Tiebacks Support Excavations Without Bracing

by Donald T. Goldberg, (M.ASCE), Principal; Goldberg-Zoino & Assocs., Newton Upper Falls, Mass.,
M. Daniel Gordon, Partner; Park View Homes, Colorado Springs, Colo.,

Serial Information: Civil Engineering—ASCE, 1977, Vol. 47, Issue 12, Pg. 62-65

Document Type: Feature article


Tiebacks are used to support earth retaining walls in deep excavations without using internal bracing. Although more expensive than bracing to construct, tiebacks can result in overall project savings by providing a clear work area. A tieback consists of a concrete or pressure grout anchor deep in the earth behind the wall being supported and a tie, which connects the wall to the anchor. The design of the anchor is empirical; experience is essential. Ties are designed as tension members and are usually steel bars or cables. The article discusses design considerations, describes the different procedures for installing tiebacks, lists contingencies that must be considered, tells when tiebacks cannot be used and compares the advantages and disadvantages of cables and bars for use as ties.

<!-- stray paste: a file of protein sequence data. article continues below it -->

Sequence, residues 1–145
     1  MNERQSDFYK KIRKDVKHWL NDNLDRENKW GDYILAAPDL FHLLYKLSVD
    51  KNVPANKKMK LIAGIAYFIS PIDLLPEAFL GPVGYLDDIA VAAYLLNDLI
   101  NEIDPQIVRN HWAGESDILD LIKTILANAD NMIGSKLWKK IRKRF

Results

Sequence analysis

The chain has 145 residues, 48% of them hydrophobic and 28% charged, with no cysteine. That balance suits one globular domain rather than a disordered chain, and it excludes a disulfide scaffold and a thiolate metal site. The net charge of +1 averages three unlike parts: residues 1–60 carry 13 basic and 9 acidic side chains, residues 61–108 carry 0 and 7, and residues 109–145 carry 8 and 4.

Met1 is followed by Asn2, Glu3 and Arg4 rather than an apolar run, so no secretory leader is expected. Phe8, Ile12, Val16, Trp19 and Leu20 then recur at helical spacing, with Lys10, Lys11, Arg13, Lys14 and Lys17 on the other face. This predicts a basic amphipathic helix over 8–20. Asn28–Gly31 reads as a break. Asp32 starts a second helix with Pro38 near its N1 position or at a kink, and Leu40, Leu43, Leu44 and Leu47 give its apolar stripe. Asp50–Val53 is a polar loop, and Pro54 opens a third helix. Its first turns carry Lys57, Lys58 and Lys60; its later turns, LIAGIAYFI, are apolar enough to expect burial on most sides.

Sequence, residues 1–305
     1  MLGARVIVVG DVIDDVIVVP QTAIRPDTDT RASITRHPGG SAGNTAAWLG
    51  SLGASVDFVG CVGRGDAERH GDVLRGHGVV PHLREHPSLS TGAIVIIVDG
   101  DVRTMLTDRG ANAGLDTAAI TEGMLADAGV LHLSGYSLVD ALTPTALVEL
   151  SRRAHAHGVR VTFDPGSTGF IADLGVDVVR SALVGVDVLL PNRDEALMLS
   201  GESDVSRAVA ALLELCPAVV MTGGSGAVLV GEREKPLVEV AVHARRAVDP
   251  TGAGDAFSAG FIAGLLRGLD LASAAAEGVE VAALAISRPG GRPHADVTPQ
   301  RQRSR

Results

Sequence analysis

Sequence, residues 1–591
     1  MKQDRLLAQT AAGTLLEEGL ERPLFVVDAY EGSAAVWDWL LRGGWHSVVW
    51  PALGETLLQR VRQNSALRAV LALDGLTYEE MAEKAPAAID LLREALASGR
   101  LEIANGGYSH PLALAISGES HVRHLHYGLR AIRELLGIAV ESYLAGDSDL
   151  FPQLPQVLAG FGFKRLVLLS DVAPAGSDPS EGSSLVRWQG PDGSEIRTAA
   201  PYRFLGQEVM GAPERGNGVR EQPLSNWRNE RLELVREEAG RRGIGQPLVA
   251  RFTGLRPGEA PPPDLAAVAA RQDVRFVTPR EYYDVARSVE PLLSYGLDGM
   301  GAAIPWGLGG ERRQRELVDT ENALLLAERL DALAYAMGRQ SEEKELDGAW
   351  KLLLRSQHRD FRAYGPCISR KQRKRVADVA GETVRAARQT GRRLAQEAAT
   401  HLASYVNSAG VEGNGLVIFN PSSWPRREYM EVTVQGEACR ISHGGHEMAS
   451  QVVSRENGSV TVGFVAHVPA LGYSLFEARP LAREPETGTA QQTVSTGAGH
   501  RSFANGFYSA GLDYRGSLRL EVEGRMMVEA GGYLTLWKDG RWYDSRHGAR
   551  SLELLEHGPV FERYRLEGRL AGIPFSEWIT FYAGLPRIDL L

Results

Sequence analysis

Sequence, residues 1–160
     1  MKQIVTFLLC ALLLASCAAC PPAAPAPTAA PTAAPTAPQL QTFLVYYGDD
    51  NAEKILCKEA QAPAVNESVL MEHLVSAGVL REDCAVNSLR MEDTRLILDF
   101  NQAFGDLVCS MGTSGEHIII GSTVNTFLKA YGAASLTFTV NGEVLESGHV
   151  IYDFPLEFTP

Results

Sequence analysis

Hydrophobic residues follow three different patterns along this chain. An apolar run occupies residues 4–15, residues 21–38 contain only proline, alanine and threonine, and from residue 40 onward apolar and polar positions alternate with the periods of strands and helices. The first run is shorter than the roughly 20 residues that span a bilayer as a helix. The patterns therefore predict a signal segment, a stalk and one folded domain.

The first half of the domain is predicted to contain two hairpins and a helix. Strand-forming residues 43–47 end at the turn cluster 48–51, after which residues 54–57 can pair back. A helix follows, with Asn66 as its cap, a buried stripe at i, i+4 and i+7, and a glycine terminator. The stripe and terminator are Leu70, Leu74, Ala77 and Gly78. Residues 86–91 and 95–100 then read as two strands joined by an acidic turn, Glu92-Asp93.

Subject Headings: Cables | Anchors | Tieback (geotechnical) | Excavation | Bracing | Bars (structure) | Concrete | Grouting

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